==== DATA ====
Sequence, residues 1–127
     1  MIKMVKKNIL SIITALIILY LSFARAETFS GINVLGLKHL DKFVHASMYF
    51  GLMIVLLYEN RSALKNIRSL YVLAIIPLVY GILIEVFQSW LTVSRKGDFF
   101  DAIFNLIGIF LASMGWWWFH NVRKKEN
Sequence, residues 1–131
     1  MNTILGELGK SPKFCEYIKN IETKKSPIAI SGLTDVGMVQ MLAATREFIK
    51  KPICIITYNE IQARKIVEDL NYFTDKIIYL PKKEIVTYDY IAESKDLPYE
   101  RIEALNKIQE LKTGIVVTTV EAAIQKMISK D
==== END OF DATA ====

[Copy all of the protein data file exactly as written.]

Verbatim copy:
Sequence, residues 1–127
     1  MIKMVKKNIL SIITALIILY LSFARAETFS GINVLGLKHL DKFVHASMYF
    51  GLMIVLLYEN RSALKNIRSL YVLAIIPLVY GILIEVFQSW LTVSRKGDFF
   101  DAIFNLIGIF LASMGWWWFH NVRKKEN
Sequence, residues 1–131
     1  MNTILGELGK SPKFCEYIKN IETKKSPIAI SGLTDVGMVQ MLAATREFIK
    51  KPICIITYNE IQARKIVEDL NYFTDKIIYL PKKEIVTYDY IAESKDLPYE
   101  RIEALNKIQE LKTGIVVTTV EAAIQKMISK D